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Getting Started with Automated UI Testing


The Automated UI Testing package is currently a preview and we're looking for your feedback! Please submit feedback using our feedback form.

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This quick walkthrough will teach you how integrate the Regression Games Automated Testing package into your game and leverage a built-in bot to perform Monkey Testing. Monkey Testing is a strategy where a user randomly interacts with UI elements to uncover potential edge-cases. The built-in "Monkey Bot" will allow you to do some basic UI hardening to ensure your game doesn't crash or behave unexpectedly when a user clicks on random UI elements.

A sample game to start with

If you have a game you want to automate, you can skip this step. But if you just want to check the package out and don't have an active game project, we recommend using the Boss Room Co-Op Sample Project from Unity.

Once downloaded, open the project in Unity. Navigate to the Scenes folder in the Project window and open the MainMenu scene. Use this scene for the rest of the tutorial.

The Unity Project panel showing the "MainMenu" scene in the Boss Room sample.

Installing the package

Our package is available at Import it into your game by clicking Window > Package Manager in the Unity menu, and then clicking the + button in the top left corner of the Package Manager window. Select Add package from git URL and paste in the following URL:
  • The package uses TextMeshPro to provide UI elements. If you are prompted by Unity to add TextMeshPro assets to your project, please add them.
  • The package uses Newtonsoft Json to serialize state for recordings.

The Unity Package Manager dialog with the "Add package from git URL" option selected.

Adding the Automation Controller and components to your scene

Once the package is installed, add an Automation Controller to the scene you wish to automate. The Automation Controller is the hub for all automation in a scene. Bots are spawned as children of the Automation Controller, and Entity Discoverers (see below) must be added as children of the Automation Controller to allow it to identify and interact with your GameObjects. The Controller also provides APIs for spawning bots and managing recordings (via a separate, Automation Recorder component attached to the same object).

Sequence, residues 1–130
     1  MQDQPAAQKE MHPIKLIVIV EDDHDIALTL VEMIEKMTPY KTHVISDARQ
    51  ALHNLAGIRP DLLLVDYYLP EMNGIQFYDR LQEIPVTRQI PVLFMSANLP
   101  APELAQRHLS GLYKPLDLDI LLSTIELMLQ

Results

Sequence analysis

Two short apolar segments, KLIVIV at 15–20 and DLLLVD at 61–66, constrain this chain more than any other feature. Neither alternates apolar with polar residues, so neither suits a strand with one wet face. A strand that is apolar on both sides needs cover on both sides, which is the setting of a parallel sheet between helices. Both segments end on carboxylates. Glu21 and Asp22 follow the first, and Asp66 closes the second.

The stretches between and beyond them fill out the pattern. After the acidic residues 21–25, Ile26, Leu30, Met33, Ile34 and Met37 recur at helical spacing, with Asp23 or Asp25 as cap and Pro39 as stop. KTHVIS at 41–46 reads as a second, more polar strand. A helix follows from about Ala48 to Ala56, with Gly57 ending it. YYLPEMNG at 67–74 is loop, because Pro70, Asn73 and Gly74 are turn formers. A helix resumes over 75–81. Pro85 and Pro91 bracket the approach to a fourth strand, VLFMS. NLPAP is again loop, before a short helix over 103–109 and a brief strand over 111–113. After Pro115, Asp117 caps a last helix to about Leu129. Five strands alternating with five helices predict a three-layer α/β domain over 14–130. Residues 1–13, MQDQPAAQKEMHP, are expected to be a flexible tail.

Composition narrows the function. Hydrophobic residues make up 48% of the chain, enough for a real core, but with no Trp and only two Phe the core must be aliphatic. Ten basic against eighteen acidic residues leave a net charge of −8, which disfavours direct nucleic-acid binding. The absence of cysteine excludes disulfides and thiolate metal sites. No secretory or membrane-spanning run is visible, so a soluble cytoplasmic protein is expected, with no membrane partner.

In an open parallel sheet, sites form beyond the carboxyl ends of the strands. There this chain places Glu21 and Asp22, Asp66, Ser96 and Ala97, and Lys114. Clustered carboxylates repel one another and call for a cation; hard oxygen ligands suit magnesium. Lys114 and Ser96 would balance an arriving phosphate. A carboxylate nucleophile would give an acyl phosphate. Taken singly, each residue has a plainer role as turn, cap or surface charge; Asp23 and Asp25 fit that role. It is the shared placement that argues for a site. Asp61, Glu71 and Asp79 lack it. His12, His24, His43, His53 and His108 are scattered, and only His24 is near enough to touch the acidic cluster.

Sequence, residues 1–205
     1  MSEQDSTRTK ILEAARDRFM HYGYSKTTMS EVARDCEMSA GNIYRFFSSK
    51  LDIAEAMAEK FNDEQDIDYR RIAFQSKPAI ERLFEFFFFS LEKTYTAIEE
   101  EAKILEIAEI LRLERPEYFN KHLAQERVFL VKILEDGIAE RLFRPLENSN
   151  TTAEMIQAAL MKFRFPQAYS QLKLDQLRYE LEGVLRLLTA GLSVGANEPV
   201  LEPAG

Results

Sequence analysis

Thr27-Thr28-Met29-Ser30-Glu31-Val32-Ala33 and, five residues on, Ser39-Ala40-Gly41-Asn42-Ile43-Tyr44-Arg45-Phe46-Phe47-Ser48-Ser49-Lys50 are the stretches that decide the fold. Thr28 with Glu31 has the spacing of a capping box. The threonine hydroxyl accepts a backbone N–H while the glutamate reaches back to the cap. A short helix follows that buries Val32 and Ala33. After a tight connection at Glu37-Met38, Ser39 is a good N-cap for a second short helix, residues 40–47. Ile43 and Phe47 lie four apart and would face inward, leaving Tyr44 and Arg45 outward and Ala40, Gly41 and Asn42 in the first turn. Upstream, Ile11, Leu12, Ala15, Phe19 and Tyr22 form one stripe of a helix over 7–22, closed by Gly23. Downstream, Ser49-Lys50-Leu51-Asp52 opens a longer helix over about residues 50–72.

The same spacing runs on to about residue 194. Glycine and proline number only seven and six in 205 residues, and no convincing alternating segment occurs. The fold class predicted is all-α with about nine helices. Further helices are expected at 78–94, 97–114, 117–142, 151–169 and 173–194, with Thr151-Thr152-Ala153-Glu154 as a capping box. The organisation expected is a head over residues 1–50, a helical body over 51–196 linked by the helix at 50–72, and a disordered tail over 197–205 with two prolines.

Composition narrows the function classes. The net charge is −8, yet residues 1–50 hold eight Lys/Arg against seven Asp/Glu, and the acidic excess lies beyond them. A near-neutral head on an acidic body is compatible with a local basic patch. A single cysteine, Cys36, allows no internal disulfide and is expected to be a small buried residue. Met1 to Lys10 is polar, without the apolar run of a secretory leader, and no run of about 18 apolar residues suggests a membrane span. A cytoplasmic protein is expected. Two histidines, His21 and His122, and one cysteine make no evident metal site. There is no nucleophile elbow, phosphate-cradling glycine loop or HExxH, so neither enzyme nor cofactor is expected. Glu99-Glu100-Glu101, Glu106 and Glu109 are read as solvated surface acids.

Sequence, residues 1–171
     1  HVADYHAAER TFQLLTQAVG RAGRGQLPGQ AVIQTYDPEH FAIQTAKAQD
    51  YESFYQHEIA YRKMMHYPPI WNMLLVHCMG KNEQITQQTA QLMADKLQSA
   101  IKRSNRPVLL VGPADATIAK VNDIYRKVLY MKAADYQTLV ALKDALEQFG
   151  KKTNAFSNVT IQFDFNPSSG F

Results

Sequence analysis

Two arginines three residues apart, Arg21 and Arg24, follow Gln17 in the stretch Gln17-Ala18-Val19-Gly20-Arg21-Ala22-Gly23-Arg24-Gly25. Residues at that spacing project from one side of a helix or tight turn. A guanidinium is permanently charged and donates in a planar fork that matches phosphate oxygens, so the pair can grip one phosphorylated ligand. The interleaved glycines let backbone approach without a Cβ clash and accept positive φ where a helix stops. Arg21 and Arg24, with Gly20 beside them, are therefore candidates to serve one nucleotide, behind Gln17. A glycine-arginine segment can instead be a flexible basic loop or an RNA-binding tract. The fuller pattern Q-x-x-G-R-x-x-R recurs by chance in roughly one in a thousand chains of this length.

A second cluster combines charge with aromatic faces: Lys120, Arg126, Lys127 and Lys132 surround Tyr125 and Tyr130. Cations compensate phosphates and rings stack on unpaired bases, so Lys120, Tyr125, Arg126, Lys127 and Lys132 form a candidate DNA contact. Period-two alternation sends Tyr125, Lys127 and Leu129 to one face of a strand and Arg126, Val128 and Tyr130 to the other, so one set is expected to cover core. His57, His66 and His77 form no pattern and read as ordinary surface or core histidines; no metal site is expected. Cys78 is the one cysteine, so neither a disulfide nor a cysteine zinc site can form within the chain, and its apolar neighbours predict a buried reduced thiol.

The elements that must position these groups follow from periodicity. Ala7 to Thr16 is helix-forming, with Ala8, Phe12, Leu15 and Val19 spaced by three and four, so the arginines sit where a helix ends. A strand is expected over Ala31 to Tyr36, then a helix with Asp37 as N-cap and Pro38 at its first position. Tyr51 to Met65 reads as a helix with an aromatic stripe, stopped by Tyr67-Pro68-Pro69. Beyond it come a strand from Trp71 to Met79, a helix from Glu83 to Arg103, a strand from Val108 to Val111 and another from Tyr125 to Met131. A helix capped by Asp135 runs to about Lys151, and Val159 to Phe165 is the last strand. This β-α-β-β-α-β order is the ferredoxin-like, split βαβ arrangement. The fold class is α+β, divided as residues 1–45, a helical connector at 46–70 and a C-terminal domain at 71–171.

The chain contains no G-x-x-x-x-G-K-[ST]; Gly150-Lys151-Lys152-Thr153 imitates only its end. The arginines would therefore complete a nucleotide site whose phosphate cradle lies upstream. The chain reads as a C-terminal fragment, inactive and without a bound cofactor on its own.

To add the Automation Controller to your scene, go to Unity's main menu bar and click GameObject > Regression Games > Automation Controller. In the BossRoom sample, we recommend adding the controller to the Assets/Scenes/MainMenu.unity scene.

The "Automation Controller" option in the Regression Games submenu of the GameObject menu

By default, the Automation Controller and all its children will mark themselves as DontDestroyOnLoad. This ensures that bots continue to run when you load a new scene in your game. You can disable this behavior by unchecking the "Don't Destroy On Load" checkbox on the Automation Controller component.

The Automation Controller component with the "Don't Destroy On Load" checkbox checked

Adding Entity Discoverers to your scene

In order to automate entities in your game, the Automation Controller needs to be able to find them. The Automation Controller uses Entity Discoverers to find entities in the scene that can be interacted with. The package provides a few built-in Entity Discoverers, but you can also create your own. To add one of the built-in discoverers, go to the Unity main menu and open the GameObject > Regression Games > Discovery menu. Then, select the discoverer you want to add:

The "UI Element Discoverer" option in the Regression Games submenu of the GameObject menu

As long as you have an Automation Controller in your scene, the Entity Discoverer will automatically be added as a child of the Automation Controller, no matter what object is selected in the Hierarchy window.

The Unity Hierarchy view showing the "UI Element Discoverer" object as a child of the "Automation Controller"